your tongue. In vain, in vain, do you pretend that I should bow and worship. Never shall the devil frighten the Christian child. Before the Son of Mary, eternal Hell itself shall tremble. Lying spirit, go! Flee and return to your place of darkness, to the dwellings of despair and eternal shame. Satan Very well. Since you have wished it so, then you must die. You shall be the last victim to burn upon my altars; you shall play for your people; in you I shall avenge my wrongs. Spirits, loyal companions, who ﬁnd evil sweet, who feed with cruel bitterness on the hatred that your souls contain, come to me joyfully, the war begins. FIFTH SCENE (Enter Devils, tumultuously) Devils’ Chorus Who calls in accents fell? Who would our might employ? Long live the realms of Hell And all its evil joy! Whoe’er deﬁes our spell, A thousand deaths destroy! Satan You have come at a happy moment, hear me attentively. My voice has called you because today sweet revenge shall crown our fondest hopes. Devils Chorus We devils love our king, We go where’er he goes, When he commands, we bring Destruction to his foes! Satan Unhappy boy, repent your oﬀenses; return wholehearted to my cult; come and bless my spotless image, and upon you fortune shall smile. Leonido
Vile traitor, I detest you. Only to God do I render love. While I live, I shall be faithful; for Him I wish to die. [NOTE: At this point it is assumed that Leonido stages his death ending in sleep – rly] Devils Long live, long live our Chief, For him our every breath – Who grudges him belief Will suﬀer death, death, death! SIXTH SCENE (The same and an Angel) Angel Back, spirits damned by the anger of heaven! Speed your wings to the mansion of sorrow! Flee if you fear the deadly ﬂash of the thunderbolt! Flee, perverse leader, traitorous archangel! ( Devils ﬂee) And you, faithful child, awaken. (Leonido awakens) Come to me. I am the messenger of heaven, who has freed you from the perﬁdious Satan. Already the virgin of Antipolo sails the waters of the river. Salute her with pious hymn, for you shall always be Her child. Mercifully she saved you from the clutches of hell. Be Her most loving son, for She brings happiness. Already your companions arrive; they have looked for you eagerly. Farewell, then; I must return to heaven. Farewell, Leonido farewell! (Disappears.) Leonido Farewell, beautiful spirit, my deliverer, guardian of the sleeping child! LAST SCENE (Leonido and the children. The Virgin can be seen passing by along the river, shortly before the ﬁnal chorus) Candido Leonido! We were looking for you! Look, there is the Virgin Mary! Listen to those thousands of voices singing to Her in harmony! Leonido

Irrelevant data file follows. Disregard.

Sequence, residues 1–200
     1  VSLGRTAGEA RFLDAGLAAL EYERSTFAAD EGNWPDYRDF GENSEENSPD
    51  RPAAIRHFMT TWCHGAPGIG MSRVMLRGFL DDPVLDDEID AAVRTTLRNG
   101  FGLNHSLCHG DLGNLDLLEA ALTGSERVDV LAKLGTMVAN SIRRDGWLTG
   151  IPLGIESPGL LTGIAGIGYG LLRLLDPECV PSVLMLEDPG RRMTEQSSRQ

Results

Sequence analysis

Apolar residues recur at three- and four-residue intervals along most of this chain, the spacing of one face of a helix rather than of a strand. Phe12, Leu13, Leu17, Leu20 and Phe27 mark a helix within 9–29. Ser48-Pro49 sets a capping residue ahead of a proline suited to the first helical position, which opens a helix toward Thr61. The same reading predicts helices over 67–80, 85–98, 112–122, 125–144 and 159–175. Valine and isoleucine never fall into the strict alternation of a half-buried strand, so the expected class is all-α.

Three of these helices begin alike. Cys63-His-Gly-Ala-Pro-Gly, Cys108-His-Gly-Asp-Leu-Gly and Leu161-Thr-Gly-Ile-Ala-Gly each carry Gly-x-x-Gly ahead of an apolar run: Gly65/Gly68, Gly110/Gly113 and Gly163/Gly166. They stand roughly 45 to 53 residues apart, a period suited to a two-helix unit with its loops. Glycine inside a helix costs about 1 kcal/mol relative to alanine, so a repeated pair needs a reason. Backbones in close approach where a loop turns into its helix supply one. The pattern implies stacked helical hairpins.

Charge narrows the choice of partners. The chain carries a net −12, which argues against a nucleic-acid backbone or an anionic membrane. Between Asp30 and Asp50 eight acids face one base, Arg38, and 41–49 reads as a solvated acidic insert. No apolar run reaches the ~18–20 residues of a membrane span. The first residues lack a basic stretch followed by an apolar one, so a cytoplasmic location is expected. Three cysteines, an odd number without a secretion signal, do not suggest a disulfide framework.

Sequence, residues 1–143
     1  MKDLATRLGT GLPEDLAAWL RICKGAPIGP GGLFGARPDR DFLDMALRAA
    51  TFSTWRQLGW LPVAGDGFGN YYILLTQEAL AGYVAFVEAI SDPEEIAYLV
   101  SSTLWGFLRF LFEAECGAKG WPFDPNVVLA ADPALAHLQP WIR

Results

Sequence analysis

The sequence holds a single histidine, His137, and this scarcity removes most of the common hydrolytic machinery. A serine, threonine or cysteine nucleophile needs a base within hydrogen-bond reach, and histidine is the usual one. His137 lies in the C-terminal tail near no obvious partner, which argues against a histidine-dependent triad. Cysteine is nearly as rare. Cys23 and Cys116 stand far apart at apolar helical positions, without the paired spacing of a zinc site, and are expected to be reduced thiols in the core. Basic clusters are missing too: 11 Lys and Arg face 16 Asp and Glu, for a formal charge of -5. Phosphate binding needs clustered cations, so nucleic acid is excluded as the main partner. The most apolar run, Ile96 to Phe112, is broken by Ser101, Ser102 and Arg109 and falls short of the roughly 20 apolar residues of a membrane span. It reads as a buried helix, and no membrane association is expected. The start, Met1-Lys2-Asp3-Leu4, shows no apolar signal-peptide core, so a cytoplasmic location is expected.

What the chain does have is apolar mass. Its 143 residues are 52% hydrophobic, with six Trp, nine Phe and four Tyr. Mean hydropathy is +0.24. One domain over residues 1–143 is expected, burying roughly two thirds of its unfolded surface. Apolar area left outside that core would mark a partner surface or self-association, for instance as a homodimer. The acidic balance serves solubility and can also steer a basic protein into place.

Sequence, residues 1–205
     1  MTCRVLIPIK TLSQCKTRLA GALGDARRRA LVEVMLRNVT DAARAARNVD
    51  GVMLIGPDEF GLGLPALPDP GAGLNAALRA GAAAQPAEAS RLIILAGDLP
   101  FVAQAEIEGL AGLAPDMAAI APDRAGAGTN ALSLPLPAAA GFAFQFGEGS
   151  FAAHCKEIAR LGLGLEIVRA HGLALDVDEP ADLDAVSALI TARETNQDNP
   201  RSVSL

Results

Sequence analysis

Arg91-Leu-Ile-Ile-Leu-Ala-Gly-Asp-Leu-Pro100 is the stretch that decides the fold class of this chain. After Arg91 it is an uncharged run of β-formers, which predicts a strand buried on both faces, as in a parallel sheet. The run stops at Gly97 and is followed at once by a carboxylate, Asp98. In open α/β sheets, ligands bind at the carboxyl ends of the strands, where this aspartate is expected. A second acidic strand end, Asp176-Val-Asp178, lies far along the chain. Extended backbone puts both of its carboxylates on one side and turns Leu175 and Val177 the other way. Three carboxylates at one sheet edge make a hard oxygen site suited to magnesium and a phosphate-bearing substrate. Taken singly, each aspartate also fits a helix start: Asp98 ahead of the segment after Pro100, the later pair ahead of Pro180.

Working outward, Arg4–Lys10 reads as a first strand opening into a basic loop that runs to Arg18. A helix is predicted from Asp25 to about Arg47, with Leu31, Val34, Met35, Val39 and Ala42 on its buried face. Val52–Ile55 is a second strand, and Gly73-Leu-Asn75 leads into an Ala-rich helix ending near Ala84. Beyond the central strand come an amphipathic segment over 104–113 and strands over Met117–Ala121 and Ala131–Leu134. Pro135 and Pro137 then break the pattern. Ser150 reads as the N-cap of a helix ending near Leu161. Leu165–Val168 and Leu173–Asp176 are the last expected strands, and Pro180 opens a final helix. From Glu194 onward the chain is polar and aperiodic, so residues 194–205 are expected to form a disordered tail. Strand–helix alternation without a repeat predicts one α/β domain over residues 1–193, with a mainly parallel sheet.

Yes, friend, I can hear them; I too see Her coming. Oh, what secret happiness I feel in my heart! Let us sing a song together on this happy day; let us salute the Virgin! What do you say, friends? All Yes, yes. (The Virgin appears, illumined with magnesium or electric light .) Final Chorus Hail to Thee, Queen of the sea, Rose without stain, Star without wane, Rainbow of peace, hail to Thee! Hail, Antipolo’s renown, Source of its fame, Image whose Name Saves whom the devil would drown. In thee we can ever conﬁde, Mother of all, Whatever befall, Night unto day, our Guide! ______________  Even after his graduation from the Ateneo, and while already a student of medicine at the University of Santo Thomas, Rizal remained a fond and faithful friend of the Jesuits. He was named president of the Academy of Spanish Literature in the Ateneo, and it was in this capacity that he was asked to contribute a lay to the festivities which the Ateneo always held on the 8 th of December, the feast of the Immaculate Conception of the Virgin Mary, patroness of the college. Rizal’s play was written and staged in 1880. The music for the choruses was written by a Spanish professor, Blas Echegoyen. The following were the members of the original cast, all members of the Academy: Leonido
Aquiles R. de Luzulaga